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Baby planning: Breast Cancer Risk to Career Women

This article is an interesting read...although dates to a few years ago, it is still an eye opener which is why it is still here.

Career women were warned last night that delaying motherhood could increase the risk of breast cancer. Experts say those who put off starting a family until their mid to late-thirties or even forties may face a greater threat due to hormonal changes caused by childbearing.
The warning came as figures showed that breast cancer has outstripped lung cancer to become the most common form of the disease in Britain for the first time.

According to the latest statistics, from the Cancer Research Campaign and the Imperial Cancer Research Fund 39,500 women are found to have breast cancer every year.
Lung cancer is diagnosed in 38,900 men and women, but the gap between the two forms of the disease is expected to widen as breast cancer continues its spread. Rates have leapt by 20 per cent in a decade - coinciding with a trend towards later motherhood.
In 1981, the average age for giving birth was just under 27. Today, it is just over 30.
A growing number of women, including well-known figures such as Cherie Blair and Madonna, are having children in their forties.
In 1981, out of nearly 635,000 births, 41,000 were to women agred 35 or over and 7,000 to women of 40 or more.
In 1996, out of nearly 650,000 births, 82,000 were to women 35 or over and 12,000 to women of 40 or more.

Richard Sullivan, head of clinical programs at the Cancer Research Campaign said: 'Women are more likely to be pursuing their careers and put off having children until later in life. This could produce oestrogenic changes which affect their chances of developing the disease.'

The link between a career and breast cancer appears to be further borne out by the latest statistics which reveal a North-South 'cancer divide'.
Women from the affluent southern regions - who are more likely to pursue careers - have a higher breast cancer risk than their northern counterparts.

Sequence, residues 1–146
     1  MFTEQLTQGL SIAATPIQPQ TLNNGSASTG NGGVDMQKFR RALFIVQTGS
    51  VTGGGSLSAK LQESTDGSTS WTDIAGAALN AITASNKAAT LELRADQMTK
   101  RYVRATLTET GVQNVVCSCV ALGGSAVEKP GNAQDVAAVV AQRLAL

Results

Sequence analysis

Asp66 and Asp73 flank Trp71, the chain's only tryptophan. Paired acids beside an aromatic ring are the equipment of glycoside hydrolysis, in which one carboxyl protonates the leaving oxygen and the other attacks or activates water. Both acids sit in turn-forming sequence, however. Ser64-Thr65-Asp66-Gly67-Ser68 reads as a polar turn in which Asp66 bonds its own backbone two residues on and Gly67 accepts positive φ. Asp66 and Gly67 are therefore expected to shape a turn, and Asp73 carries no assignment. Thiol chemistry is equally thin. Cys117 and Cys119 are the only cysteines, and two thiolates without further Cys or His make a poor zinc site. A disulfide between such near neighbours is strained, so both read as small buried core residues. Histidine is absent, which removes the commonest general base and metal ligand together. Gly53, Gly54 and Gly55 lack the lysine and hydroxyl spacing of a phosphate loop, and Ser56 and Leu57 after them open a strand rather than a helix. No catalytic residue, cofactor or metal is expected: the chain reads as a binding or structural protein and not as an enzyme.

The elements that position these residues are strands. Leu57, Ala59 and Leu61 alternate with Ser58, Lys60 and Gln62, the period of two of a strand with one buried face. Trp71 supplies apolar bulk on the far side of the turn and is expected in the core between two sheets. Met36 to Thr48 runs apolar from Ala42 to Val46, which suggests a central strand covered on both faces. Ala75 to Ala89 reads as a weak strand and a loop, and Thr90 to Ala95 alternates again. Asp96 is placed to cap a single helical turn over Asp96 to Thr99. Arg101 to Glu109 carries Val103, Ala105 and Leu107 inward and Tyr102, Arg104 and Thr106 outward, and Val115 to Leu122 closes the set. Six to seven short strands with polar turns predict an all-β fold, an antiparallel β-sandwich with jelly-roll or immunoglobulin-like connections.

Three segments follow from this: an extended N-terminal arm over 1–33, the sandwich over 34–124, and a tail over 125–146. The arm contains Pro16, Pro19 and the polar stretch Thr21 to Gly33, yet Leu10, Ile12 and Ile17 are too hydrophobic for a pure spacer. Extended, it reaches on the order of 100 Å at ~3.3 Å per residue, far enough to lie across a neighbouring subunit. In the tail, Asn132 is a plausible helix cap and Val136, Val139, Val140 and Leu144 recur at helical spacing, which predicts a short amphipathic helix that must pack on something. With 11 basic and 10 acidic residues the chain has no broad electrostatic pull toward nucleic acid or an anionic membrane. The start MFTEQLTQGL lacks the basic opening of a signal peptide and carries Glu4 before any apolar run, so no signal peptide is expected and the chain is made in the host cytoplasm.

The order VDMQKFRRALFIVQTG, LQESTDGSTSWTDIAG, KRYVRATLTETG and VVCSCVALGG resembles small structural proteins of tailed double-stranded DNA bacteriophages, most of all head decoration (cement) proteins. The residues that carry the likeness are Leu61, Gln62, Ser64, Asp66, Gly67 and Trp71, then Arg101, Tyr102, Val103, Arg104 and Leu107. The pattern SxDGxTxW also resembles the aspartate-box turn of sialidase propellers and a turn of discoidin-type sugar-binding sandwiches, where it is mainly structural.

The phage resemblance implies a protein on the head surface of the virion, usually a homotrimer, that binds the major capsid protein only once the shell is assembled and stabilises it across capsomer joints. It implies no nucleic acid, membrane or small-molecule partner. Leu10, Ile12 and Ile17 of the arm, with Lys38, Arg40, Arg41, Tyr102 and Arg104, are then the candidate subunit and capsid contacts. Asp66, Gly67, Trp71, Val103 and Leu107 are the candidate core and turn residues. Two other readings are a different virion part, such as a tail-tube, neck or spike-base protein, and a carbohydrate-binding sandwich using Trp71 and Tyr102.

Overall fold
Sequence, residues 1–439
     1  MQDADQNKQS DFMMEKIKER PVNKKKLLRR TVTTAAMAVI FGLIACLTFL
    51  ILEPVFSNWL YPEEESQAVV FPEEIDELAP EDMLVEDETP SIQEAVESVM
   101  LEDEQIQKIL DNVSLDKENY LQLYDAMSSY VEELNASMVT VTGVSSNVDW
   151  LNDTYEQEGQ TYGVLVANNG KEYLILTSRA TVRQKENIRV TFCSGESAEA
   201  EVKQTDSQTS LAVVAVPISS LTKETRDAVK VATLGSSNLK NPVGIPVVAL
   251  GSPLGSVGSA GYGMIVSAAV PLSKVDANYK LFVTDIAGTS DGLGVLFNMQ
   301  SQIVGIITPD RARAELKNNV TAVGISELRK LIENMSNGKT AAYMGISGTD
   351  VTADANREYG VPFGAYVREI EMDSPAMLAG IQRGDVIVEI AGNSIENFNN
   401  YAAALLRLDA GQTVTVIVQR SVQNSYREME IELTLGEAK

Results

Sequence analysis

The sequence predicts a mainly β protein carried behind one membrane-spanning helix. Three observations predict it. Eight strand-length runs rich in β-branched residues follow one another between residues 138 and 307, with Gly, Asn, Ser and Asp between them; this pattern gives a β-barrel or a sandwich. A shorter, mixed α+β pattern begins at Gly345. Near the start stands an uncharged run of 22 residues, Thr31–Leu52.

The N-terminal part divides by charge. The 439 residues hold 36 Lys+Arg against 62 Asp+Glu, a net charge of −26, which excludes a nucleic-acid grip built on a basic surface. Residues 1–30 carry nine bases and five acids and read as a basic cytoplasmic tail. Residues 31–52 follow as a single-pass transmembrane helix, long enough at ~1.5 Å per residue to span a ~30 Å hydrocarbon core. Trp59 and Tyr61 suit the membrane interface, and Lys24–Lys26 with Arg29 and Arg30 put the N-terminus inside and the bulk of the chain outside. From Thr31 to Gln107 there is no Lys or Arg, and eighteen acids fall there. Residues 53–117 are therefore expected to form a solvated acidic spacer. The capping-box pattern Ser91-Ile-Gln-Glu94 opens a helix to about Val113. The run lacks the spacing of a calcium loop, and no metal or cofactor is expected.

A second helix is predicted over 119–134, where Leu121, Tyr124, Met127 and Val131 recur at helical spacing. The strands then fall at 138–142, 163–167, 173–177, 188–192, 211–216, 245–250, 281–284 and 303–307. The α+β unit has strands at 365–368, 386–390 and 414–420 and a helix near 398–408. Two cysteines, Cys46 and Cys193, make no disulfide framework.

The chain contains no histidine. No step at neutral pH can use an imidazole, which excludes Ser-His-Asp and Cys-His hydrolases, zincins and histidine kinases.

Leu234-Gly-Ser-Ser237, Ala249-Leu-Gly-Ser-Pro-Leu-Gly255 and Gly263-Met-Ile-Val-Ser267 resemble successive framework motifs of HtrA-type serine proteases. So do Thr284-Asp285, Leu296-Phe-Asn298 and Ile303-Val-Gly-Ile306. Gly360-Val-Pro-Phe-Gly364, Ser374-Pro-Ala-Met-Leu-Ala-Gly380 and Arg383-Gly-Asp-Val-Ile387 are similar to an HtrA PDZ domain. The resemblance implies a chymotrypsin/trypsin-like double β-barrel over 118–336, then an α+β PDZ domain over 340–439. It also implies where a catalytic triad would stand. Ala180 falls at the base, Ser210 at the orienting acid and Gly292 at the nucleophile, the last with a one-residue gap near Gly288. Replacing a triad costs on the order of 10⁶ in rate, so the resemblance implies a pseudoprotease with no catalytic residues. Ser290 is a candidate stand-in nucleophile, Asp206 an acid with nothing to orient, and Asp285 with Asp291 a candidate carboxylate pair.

Doctors said the huge rise in cases of breast cancer could also be related to improved screening - as more cancers are being detected.
Britain's obesity epidemic may also be putting women at greater risk, particularly if they have gone through the menopause, according to experts.
Professor Gordon McVie, director general of the Cancer Research Campaign said: 'There is a lot of data on the links between oestrogen and breast cancer. In some forms of the disease, it makes the tumour develop faster. It may be that breast cells in older women cannot respond in a normal way to the high oestrogen levels during pregnancy. I wish I could offer a magic formula for preventing breast cancer but unfortunately there isn't one. However, by being breast aware and going for screening, it is more likely that the disease will be detected early, when there is a 90 per cent chance of survival.'

Despite the rise in cases, experts from the two charities say the falling death rate from breast cancer over the last decade is 'hugely encouraging'.

A total of 13,000 women are dying of breast cancer every year in Britain, but the death rates have tumbled by upto 30 per cent in the last ten years.

In comparison, survival rates for lung cancer are still desperately low, with around 37,000 Britons dying of the disease every year. Doctors say the improved survival rate for breast cancer is due to early treatment - thanks to screening - and to more sophisticated drugs and therapies, such as Tamoxifen and the anti-cancer drugs Taxol and Taxotere, made from yew tree bark.

Sir Paul Nurse, director-general of the Imperial Cancer Research Fund said: 'The good news is that, despite the increase in the number of new breast cancer cases, survival rates continue to improve and over 70 per cent of women are now successfully treated.'

Delyth Morgan, chief executive of the charity Breakthrough Breast Cancer said the increased risk of developing breast cancer was a 'huge concern for women, adding: 'The figures are staggering and confirm what women have worried about for years. While there is good news about falling death rates and increased chances of survival, breast cancer is women's number one health concern and the truth is we do not know what to do to prevent it.'

'We need to be able to give reliable prevention advice to women and the sad fact is we cannot do that yet, because the science is not there, and it may not be there for some time.'

Source: Daily Mail, Monday, November 5, 2001




               

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